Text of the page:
English Football Association chairman Greg Dyke has warned Sepp Blatter that "this isn't over" after his controversial re-election as Fifa president.
Interviewed on Sky News, Dyke highlighted fact that Blatter's opponent, Jordanian Prince Ali bin al Hussein, forced a second round of voting on the previously unassailable Swiss-born official. In the end, however, Prince Ali decided to withdraw from the second round, and Blatter was re-elected for a fifth four-year term.
Dyke said: "I think we all expected him to win. Prince Ali got it to a second ballot [and that] wouldn't have happened if we'd had this vote a week ago. I think that's the impact of the events this week.
"But I think this isn't over by any means ... The events of this week are so traumatic for Fifa that I cannot see Fifa reforming itself under Blatter. He's had 16 years to reform it, he hasn't done it."
Dyke had previously hinted that England would consider boycotting future competitions if Blatter won. However, after Blatter's victory he said England would not make such a decision "on its own", hinting it would have to be a move agreed by Uefa and other footballing federations.
He also suggested things "look ominous" for the 79-year-old Swiss and suggested that, he could not "see him lasting more than a year or two... Blatter's statement yesterday in which he basically said 'Leave it to me, I will clean it up' - nobody is going to believe that.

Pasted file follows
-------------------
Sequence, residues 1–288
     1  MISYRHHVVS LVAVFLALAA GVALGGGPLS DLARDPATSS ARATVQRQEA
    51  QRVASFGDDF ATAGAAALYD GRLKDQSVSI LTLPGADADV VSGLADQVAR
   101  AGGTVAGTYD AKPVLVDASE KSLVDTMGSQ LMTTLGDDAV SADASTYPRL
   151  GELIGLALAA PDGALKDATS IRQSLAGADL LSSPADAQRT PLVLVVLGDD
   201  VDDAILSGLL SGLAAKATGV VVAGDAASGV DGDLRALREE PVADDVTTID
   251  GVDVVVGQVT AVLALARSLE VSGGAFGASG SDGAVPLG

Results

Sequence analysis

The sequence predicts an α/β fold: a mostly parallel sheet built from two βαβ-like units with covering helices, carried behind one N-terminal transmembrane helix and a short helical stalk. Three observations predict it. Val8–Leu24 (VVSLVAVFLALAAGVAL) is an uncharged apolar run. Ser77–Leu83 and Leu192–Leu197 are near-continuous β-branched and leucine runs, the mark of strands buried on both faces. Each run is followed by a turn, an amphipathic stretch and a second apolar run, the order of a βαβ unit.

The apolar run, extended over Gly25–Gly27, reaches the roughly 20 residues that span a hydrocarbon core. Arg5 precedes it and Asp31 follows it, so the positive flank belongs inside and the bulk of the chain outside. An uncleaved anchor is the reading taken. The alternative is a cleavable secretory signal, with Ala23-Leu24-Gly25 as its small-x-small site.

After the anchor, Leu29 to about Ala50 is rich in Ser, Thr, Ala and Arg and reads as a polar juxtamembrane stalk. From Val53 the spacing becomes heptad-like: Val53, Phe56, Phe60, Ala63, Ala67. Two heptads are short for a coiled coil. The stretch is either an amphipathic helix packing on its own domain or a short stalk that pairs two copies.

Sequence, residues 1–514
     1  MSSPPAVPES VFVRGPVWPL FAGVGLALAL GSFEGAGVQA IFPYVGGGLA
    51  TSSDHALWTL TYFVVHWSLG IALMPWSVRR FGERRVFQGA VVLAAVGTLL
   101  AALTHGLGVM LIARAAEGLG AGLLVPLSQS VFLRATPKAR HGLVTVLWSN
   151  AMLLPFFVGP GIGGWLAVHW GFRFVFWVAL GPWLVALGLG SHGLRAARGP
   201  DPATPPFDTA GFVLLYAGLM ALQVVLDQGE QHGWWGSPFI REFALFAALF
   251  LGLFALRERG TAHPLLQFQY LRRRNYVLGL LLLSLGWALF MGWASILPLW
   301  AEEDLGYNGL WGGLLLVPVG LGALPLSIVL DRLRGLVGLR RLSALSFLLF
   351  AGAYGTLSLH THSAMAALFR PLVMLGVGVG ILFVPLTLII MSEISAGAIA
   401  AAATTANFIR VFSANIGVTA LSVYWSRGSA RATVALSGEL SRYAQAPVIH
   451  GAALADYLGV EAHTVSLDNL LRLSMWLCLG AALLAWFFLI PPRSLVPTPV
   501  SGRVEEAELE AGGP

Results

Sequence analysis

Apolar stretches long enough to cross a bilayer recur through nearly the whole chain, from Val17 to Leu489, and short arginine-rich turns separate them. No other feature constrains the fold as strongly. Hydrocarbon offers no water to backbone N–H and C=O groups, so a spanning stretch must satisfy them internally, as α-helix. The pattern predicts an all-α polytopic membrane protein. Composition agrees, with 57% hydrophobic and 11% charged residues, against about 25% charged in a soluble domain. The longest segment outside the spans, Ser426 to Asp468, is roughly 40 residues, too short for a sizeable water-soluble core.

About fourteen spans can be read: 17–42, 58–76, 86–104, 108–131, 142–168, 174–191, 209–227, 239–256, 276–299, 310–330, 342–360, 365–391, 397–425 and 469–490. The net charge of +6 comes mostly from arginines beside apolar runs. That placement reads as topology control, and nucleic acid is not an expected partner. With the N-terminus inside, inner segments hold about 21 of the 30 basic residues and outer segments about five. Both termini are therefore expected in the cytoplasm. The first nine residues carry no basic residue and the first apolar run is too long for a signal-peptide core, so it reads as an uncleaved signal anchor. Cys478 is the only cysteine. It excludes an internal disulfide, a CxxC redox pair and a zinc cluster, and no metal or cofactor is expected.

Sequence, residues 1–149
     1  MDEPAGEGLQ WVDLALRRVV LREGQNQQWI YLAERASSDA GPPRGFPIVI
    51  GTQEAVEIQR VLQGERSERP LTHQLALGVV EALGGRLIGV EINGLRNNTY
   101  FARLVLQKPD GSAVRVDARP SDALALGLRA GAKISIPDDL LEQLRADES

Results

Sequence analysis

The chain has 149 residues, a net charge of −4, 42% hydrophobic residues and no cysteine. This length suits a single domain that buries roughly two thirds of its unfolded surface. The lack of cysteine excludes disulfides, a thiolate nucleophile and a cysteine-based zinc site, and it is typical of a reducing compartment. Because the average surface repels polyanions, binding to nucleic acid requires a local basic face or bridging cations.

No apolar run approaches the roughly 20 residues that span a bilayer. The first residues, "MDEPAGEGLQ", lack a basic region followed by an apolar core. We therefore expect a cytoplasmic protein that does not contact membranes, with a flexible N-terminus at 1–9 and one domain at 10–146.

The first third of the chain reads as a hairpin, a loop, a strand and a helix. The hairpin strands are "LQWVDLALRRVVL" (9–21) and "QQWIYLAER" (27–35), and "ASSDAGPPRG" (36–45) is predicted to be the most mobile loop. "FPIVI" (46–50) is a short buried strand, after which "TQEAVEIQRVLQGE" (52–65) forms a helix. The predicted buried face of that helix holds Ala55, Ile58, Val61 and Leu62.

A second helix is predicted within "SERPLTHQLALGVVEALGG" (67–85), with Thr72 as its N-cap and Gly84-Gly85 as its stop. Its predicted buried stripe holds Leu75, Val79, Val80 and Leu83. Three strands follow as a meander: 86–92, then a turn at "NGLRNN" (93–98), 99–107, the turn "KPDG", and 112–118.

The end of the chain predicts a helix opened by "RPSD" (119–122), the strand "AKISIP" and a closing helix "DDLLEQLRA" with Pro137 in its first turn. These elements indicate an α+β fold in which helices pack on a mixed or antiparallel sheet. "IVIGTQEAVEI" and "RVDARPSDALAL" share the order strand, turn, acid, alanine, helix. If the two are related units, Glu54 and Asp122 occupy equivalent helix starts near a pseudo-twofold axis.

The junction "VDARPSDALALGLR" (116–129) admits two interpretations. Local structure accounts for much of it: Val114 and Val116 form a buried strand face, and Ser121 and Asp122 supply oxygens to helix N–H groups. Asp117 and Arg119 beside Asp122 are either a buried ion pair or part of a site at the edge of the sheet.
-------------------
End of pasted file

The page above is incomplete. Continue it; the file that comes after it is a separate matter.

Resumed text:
"And I think it is quite ominous for him when the attorney-general in America says this is only the beginning, not the end."
Another former presidential candidate, ex-Portugal international Luis Figo, said Blatter's victory was another "dark day" for football and urged him to resign in the next few days.
He said: "This vote has only served to endorse the election of a man who can't remain in charge of world football. Blatter... being re-elected - that shows exactly how the organisation is sick. Today was another dark day in Zurich. Fifa has lost, but above everything, football has lost and everyone who truly cares about it has lost too.
"If he was minimally concerned about football, he would have given up on re-election."
Uefa chief Michel Platini, who had said his organisation could boycott Fifa events if Blatter won congratulated Prince Ali for his "admirable campaign".
He said: "I am proud that Uefa has defended and supported a movement for change at Fifa, change which in my opinion is crucial if this organisation is to regain its credibility."
And former England striker Gary Lineker was scathing, tweeting: "The only way this revolting organisation will change is if the major football federations walk out. It's time to grow a pair of footballs."